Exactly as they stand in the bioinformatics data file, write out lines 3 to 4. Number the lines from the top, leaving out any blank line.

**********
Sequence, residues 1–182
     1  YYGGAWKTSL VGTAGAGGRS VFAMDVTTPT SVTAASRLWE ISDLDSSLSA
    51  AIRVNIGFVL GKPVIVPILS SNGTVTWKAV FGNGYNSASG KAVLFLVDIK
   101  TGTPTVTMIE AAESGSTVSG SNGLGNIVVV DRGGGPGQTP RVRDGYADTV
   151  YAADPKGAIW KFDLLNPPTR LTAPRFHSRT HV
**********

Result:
    51  AIRVNIGFVL GKPVIVPILS SNGTVTWKAV FGNGYNSASG KAVLFLVDIK
   101  TGTPTVTMIE AAESGSTVSG SNGLGNIVVV DRGGGPGQTP RVRDGYADTV